Sets Pay Structure

Organizational structures typically involve creating job descriptions and assigning job titles and levels. This allows for a more structured approach to compensation, where employees are compensated based on their level of responsibility, experience, and qualifications.

By establishing a clear pay structure, employees can better understand what they can expect to earn, increasing job satisfaction and reducing turnover. It can help attract and retain talented employees and promote fairness and equity within the organization.

Enhances Operational Efficiency and Effectiveness

By defining roles and responsibilities, establishing clear communication channels, and streamlining workflows, organizational structures can help eliminate redundancies, reduce errors, and boost productivity.

Furthermore, having a well-designed organizational structure makes it easier to identify areas for improvement and optimize processes, resulting in better overall performance and increased profitability.

Challenges of a Poorly Aligned Organizational Structure

A company with a poorly aligned organizational structure may experience several challenges. These are the following:

Structural Gaps

When companies remove middle management levels without eliminating the work, employees may be forced to assume additional responsibilities. This may lead to structural gaps in roles, work processes, and essential information flows.

Structural gaps can also lead to a lack of accountability and ownership, as employees may not know who is responsible for specific tasks or outcomes.

Diminished Capacity, Capability, & Agility Issues

The elimination of middle management levels may result in diminished company capacity, capability, and agility.

This may occur when lower-level employees, who take on additional responsibilities when middle management is eliminated, may not possess the necessary skills to perform the required duties.

This may also happen when higher-level executives assume tactical responsibilities. This may affect their capacity to provide strategic guidance.

Disorganization & Improper Staffing

A poorly aligned organizational structure results in disorganization and improper staffing. Inadequate staffing levels can lead to decreased productivity and efficiency, ultimately affecting the company’s ability to compete effectively in the marketplace.

When an organization is understaffed, employees often focus solely on their immediate responsibilities, leaving little time or energy to work outside of their scope. This can ultimately result in decreased profitability and cash flow.

Declining Workforce Engagement

When the employees do not feel connected to their work or the larger organizational mission, they may become disengaged and less committed to their jobs. This can lead to decreased productivity, higher turnover rates, and a loss of valuable skills and knowledge.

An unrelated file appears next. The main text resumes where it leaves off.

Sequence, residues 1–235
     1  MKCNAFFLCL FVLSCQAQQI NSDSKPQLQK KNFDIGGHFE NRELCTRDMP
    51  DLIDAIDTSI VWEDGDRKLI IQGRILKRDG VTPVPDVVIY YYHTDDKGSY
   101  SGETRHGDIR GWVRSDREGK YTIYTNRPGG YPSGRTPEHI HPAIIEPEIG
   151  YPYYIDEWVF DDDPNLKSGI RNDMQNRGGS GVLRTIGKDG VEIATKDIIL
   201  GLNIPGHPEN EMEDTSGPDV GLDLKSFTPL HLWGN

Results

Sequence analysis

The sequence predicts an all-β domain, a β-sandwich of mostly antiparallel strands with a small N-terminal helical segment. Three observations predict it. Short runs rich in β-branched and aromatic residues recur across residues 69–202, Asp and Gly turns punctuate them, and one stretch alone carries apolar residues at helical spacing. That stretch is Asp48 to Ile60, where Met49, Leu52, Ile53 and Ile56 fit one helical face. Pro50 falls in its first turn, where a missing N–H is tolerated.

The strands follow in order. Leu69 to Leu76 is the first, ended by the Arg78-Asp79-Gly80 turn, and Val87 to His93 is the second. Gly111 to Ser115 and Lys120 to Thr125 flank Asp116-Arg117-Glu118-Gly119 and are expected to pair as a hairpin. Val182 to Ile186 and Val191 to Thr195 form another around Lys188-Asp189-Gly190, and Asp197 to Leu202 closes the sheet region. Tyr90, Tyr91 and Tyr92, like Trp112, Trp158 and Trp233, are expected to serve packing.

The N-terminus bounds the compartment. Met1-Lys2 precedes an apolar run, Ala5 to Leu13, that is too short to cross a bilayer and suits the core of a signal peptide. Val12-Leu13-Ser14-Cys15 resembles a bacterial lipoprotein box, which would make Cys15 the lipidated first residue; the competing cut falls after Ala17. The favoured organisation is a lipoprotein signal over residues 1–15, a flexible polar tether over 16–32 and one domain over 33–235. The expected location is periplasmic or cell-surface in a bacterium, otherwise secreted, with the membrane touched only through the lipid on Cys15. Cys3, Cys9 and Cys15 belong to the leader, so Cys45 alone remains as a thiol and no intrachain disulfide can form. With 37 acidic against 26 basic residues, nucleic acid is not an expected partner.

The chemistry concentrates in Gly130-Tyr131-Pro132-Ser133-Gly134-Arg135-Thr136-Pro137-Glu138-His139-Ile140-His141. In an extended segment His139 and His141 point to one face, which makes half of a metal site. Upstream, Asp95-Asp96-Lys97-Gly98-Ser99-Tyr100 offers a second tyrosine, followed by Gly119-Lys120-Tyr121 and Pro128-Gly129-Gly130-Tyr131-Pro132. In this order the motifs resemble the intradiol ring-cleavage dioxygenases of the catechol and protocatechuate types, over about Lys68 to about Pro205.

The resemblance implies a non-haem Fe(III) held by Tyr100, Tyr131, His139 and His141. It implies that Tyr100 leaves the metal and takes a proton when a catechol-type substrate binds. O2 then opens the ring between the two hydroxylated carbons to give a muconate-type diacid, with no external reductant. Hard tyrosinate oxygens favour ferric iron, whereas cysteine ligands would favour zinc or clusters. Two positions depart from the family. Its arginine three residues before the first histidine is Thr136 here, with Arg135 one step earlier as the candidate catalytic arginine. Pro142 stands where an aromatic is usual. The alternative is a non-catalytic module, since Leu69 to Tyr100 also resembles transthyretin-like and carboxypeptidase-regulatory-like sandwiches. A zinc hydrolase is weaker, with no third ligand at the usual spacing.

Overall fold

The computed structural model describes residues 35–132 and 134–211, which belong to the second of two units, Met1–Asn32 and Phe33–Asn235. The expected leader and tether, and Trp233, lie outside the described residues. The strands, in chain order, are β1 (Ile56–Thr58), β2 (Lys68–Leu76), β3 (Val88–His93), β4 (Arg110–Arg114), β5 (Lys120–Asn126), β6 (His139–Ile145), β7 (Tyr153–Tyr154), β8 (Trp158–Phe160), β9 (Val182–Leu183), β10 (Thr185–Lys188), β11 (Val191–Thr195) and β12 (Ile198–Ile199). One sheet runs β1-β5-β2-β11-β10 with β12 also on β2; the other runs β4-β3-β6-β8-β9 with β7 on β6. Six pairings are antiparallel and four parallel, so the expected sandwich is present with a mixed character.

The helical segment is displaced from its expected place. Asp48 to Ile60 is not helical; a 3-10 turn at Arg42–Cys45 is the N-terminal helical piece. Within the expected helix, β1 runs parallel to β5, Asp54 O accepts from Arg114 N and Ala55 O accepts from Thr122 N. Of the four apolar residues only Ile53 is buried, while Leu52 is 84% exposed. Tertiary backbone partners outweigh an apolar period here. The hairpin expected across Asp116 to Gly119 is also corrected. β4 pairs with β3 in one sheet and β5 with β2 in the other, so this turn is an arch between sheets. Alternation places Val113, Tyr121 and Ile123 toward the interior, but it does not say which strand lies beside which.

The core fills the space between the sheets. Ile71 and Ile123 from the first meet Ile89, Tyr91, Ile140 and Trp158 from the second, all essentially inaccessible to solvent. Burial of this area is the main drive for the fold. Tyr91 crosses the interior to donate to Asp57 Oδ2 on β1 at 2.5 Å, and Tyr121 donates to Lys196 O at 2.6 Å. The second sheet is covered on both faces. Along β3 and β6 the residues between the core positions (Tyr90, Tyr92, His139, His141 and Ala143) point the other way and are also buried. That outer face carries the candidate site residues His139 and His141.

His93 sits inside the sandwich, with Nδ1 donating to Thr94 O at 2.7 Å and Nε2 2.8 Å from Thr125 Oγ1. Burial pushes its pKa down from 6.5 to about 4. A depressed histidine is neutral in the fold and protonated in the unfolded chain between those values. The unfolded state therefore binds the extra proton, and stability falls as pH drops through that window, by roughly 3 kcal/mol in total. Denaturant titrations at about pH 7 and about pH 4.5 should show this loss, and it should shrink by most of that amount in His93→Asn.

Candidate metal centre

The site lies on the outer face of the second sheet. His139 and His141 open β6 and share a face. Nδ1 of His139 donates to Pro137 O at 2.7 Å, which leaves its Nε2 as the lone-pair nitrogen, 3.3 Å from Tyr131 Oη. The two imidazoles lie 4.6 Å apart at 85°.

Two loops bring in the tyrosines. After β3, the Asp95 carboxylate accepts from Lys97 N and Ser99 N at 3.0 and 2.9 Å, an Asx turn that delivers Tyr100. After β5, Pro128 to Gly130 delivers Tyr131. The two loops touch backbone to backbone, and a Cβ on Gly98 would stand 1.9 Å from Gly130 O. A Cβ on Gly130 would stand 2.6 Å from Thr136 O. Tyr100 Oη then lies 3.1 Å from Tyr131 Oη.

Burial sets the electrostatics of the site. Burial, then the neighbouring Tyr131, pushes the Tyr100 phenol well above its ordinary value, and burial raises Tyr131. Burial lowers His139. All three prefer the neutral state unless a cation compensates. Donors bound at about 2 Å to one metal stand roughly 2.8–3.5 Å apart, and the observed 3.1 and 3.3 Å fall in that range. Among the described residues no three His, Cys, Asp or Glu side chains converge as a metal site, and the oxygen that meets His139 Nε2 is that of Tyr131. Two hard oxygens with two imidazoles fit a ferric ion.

Declining workforce engagement may also decrease customer loyalty and limit organizational performance and stakeholder value.

Good vs Bad Organizational Structure

Final Thoughts

Organizational structure refers to the workflow system that outlines how task allocation, coordination, and supervision are directed to achieve an organization’s goals. It provides structure, clarity, and direction, and it promotes smooth communication.

Organizational structure can be centralized or decentralized. In centralized organizations, decision-making power is concentrated at the top of the hierarchy, while decentralized organizations distribute decision-making power across different levels and departments.

The key elements of an organizational structure include job design, departmentalization, chain of command, a span of control, and delegation. These elements balance efficiency, control, and flexibility and encourage clear communication, accountability, and employee engagement.

The main types of organizational structure are the vertical structure (which has two types, functional and divisional), team-based, flat (flatarchy) structure, matrix, network, and circular structure.

A well-designed organizational structure establishes hierarchy, clarifies job roles, promotes teamwork, enhances communication, improves efficiency, and increases productivity.

Organizational Structure Types FAQs

About the Author

True Tamplin, BSc, CEPF®

True Tamplin is a published author, public speaker, CEO of UpDigital, and founder of Finance Strategists.

True is a Certified Educator in Personal Finance (CEPF®), author of The Handy Financial Ratios Guide, a member of the Society for Advancing Business Editing and Writing, contributes to his financial education site, Finance Strategists, and has spoken to various financial communities such as the CFA Institute, as well as university students like his Alma mater, Biola University, where he received a bachelor of science in business and data analytics.

To learn more about True, visit his personal website or view his author profiles on Amazon, Nasdaq and Forbes.